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SAM_4758

It is easy for ancient historians to forget about farming. Ancient literature does not say much about it, ancient art rarely depicts it, and farming is distant from our own lives. Yet most people in the ancient world made most of their living by farming or herding or fishing, and the basic realities of farming pervaded their mental world. I am therefore glad that some of the land near the Zentrum für alte Kulturen in Innsbruck is still working fields and orchards. Although the caked soil at the edge of the field is marked by the tyres of the farmer’s tractor and not the hooves of his oxen, and the plot is crammed between a modern glass monstrosity, the loading dock of a supermarket, and a concert hall built out of shipping containers, it is still worth watching as the seasons turn.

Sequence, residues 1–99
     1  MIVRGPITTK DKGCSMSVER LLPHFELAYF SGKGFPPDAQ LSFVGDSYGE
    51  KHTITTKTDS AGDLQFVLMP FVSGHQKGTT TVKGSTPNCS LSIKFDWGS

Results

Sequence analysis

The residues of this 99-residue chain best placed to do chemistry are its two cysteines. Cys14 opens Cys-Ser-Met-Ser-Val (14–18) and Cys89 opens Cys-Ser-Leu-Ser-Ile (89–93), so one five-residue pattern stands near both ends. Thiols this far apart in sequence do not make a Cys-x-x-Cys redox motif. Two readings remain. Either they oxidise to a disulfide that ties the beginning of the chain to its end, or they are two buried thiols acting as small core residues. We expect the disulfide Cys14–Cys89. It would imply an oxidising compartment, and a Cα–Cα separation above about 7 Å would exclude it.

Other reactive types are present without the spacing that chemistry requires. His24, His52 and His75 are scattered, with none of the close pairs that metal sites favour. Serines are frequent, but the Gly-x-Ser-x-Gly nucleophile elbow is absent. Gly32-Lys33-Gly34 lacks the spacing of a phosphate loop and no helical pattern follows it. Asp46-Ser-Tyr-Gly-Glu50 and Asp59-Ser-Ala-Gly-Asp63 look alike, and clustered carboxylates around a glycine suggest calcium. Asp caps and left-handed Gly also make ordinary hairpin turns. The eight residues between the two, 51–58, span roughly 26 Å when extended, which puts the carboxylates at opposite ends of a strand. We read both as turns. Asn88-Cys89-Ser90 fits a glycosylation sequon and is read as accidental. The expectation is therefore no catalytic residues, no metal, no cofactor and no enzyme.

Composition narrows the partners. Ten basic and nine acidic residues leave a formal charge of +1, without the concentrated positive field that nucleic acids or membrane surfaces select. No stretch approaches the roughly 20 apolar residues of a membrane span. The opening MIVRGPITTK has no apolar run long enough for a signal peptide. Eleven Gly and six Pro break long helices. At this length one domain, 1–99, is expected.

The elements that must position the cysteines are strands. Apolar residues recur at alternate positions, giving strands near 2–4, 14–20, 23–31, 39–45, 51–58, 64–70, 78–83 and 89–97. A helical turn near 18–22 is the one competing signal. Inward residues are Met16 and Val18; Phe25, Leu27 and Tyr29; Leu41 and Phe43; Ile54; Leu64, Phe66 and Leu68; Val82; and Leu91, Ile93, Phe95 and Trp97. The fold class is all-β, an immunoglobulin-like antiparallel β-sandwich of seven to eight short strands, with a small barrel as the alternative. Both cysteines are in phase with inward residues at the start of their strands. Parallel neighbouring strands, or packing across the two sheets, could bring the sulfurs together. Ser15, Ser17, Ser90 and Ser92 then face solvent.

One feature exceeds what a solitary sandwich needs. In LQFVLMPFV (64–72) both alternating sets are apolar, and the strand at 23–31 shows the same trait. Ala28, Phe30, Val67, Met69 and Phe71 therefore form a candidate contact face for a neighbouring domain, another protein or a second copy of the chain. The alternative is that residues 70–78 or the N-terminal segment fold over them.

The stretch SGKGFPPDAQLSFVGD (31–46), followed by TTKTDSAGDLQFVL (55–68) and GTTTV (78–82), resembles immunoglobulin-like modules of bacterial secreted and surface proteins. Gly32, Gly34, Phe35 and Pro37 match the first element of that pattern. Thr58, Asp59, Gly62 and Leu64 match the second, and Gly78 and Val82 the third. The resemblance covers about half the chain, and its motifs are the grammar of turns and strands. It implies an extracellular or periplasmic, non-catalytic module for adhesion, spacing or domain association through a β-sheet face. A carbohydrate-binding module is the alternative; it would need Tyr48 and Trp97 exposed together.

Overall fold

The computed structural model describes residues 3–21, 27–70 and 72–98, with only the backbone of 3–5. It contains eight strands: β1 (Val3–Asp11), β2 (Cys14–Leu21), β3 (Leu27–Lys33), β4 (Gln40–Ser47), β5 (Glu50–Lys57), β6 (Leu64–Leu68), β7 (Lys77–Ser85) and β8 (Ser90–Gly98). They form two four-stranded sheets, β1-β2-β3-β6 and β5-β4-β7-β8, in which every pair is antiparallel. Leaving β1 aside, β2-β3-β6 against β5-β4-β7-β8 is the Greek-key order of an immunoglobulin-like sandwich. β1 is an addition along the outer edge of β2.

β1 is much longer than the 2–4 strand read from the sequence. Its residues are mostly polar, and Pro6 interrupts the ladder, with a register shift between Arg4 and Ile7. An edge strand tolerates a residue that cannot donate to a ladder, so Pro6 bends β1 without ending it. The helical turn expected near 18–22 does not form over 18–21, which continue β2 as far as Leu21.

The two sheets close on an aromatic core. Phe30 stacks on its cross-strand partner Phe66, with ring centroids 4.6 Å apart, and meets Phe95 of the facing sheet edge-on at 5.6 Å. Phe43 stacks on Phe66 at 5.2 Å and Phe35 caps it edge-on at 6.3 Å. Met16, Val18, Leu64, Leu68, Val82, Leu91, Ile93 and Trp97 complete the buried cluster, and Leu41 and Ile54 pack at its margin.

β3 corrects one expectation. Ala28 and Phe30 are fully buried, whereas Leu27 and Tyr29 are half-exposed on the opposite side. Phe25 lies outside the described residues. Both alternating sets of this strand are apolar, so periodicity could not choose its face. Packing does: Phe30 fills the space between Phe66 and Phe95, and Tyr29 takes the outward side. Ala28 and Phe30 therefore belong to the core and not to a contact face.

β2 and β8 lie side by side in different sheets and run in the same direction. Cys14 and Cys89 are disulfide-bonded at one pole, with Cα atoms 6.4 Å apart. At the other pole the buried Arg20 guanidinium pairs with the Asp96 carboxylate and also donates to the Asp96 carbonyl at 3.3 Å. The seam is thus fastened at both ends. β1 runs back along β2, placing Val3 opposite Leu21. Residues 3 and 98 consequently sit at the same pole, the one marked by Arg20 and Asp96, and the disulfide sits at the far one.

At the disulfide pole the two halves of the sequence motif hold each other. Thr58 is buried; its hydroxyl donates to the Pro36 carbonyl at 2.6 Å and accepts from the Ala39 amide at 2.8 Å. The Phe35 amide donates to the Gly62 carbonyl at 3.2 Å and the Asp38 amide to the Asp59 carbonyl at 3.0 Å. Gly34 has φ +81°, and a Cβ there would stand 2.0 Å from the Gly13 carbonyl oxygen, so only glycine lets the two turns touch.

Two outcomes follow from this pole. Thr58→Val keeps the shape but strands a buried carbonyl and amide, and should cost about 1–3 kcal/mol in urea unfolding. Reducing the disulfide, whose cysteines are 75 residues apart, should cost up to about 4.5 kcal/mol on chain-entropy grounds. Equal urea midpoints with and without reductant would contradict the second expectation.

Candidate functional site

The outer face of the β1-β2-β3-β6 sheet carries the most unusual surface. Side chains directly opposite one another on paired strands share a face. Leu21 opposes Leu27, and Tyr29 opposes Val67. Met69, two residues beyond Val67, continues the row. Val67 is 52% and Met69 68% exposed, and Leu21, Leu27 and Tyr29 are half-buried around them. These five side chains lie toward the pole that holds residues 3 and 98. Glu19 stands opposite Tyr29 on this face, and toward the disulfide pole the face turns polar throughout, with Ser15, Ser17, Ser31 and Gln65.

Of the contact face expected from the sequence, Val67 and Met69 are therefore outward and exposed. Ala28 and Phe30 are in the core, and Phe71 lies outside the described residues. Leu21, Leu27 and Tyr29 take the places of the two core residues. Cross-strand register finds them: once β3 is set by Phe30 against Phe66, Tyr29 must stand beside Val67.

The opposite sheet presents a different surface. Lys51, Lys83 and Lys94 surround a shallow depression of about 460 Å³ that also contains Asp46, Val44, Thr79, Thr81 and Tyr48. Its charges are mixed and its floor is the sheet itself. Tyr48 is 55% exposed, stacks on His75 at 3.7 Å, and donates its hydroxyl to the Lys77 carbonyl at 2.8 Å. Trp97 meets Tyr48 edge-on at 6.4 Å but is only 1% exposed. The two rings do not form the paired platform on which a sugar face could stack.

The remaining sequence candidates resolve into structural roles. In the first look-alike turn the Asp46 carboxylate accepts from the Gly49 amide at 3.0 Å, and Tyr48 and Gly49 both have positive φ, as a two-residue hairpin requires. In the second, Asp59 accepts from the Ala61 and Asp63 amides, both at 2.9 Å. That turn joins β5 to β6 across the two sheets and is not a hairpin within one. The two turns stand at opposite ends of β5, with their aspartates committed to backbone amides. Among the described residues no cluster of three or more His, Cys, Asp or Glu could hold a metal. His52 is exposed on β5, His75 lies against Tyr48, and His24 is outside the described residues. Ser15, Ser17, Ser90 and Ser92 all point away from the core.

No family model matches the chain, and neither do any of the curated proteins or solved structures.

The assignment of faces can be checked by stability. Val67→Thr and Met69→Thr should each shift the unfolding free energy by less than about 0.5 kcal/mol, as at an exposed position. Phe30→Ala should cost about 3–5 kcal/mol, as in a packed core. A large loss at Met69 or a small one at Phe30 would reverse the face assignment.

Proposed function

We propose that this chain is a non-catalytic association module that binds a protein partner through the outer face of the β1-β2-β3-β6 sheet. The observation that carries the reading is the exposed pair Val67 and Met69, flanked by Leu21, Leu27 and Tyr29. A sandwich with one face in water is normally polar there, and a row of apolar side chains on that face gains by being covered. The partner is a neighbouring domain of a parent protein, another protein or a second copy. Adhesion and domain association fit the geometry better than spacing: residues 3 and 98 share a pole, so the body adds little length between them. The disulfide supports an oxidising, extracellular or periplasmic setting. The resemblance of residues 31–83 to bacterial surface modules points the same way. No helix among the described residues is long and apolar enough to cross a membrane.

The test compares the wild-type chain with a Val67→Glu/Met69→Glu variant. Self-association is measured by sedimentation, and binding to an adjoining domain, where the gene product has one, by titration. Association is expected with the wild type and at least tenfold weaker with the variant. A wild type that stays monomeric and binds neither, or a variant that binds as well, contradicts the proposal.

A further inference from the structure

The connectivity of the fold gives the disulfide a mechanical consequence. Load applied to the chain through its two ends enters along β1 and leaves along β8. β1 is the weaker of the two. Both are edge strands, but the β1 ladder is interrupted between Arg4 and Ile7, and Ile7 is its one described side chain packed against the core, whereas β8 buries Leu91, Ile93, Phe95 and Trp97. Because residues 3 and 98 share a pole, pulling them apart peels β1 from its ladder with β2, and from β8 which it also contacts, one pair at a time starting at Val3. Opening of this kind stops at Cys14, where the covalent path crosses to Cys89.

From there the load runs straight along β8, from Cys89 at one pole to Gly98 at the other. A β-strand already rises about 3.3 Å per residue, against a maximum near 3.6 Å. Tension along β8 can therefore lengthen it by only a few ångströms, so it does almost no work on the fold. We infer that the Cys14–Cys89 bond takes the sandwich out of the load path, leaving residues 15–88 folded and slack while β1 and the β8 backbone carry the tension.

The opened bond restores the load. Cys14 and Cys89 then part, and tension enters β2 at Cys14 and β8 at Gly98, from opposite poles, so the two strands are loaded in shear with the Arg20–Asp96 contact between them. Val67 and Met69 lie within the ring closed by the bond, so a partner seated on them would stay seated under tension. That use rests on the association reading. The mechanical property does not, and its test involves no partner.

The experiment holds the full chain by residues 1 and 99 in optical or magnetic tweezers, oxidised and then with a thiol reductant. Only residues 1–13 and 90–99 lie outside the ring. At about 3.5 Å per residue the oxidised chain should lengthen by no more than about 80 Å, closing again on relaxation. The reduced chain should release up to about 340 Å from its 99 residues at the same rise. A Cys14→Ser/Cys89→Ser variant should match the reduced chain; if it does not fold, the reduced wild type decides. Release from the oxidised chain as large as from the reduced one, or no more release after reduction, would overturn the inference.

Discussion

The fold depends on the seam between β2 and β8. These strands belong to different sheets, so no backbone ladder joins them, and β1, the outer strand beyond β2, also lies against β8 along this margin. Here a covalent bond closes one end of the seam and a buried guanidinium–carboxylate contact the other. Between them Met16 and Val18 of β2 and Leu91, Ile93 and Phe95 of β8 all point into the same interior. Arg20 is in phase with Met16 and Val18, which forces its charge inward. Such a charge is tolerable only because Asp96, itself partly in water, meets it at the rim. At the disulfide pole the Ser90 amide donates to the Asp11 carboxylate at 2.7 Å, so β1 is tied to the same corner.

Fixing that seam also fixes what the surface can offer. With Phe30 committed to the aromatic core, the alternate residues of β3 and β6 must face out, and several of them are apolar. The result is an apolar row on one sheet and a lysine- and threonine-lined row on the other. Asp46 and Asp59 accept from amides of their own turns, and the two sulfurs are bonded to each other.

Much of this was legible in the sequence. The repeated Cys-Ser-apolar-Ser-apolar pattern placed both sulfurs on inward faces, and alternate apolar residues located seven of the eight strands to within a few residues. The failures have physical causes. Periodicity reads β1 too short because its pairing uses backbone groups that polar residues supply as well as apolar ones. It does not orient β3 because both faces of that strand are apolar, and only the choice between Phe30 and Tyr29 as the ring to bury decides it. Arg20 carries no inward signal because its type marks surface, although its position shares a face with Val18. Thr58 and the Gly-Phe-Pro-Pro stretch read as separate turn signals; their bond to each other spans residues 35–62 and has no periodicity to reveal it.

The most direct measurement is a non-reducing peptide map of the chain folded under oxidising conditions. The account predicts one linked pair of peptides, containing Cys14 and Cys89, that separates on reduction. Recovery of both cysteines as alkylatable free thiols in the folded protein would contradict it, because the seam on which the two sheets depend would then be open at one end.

In July, the grain was high and almost ready to harvest.

In July, the grain was high and almost ready to harvest.

I missed the harvest due to some other distractions in August and September.

In fall, the farmer planted something green and leafy (fodder?)

In fall, the farmer planted something green and leafy (fodder?) After a sunny September, the crop was lush in October.

And at the beginning of December they mowed or reaped it

And at the beginning of December they mowed or reaped it